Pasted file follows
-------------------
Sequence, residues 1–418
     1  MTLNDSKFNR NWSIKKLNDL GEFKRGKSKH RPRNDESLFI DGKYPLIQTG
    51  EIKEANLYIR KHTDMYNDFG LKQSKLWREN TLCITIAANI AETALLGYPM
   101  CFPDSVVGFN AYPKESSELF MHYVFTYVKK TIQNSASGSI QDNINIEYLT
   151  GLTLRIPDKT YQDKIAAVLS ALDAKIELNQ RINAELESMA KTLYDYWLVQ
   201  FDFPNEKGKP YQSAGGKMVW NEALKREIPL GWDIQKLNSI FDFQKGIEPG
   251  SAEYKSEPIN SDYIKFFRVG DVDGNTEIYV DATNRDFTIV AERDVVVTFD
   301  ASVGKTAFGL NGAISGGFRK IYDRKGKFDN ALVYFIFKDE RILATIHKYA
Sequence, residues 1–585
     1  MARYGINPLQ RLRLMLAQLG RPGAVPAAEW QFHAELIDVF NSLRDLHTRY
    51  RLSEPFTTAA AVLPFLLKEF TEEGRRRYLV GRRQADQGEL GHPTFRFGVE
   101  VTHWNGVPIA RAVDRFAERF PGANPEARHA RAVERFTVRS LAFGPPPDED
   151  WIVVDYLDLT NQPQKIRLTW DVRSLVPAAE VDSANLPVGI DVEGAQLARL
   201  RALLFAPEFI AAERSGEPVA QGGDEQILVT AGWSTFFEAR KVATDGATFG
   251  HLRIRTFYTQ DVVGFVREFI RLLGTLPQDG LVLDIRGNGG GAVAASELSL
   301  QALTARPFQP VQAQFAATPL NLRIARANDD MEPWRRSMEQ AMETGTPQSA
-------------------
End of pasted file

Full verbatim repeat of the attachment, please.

Sequence, residues 1–418
     1  MTLNDSKFNR NWSIKKLNDL GEFKRGKSKH RPRNDESLFI DGKYPLIQTG
    51  EIKEANLYIR KHTDMYNDFG LKQSKLWREN TLCITIAANI AETALLGYPM
   101  CFPDSVVGFN AYPKESSELF MHYVFTYVKK TIQNSASGSI QDNINIEYLT
   151  GLTLRIPDKT YQDKIAAVLS ALDAKIELNQ RINAELESMA KTLYDYWLVQ
   201  FDFPNEKGKP YQSAGGKMVW NEALKREIPL GWDIQKLNSI FDFQKGIEPG
   251  SAEYKSEPIN SDYIKFFRVG DVDGNTEIYV DATNRDFTIV AERDVVVTFD
   301  ASVGKTAFGL NGAISGGFRK IYDRKGKFDN ALVYFIFKDE RILATIHKYA
Sequence, residues 1–585
     1  MARYGINPLQ RLRLMLAQLG RPGAVPAAEW QFHAELIDVF NSLRDLHTRY
    51  RLSEPFTTAA AVLPFLLKEF TEEGRRRYLV GRRQADQGEL GHPTFRFGVE
   101  VTHWNGVPIA RAVDRFAERF PGANPEARHA RAVERFTVRS LAFGPPPDED
   151  WIVVDYLDLT NQPQKIRLTW DVRSLVPAAE VDSANLPVGI DVEGAQLARL
   201  RALLFAPEFI AAERSGEPVA QGGDEQILVT AGWSTFFEAR KVATDGATFG
   251  HLRIRTFYTQ DVVGFVREFI RLLGTLPQDG LVLDIRGNGG GAVAASELSL
   301  QALTARPFQP VQAQFAATPL NLRIARANDD MEPWRRSMEQ AMETGTPQSA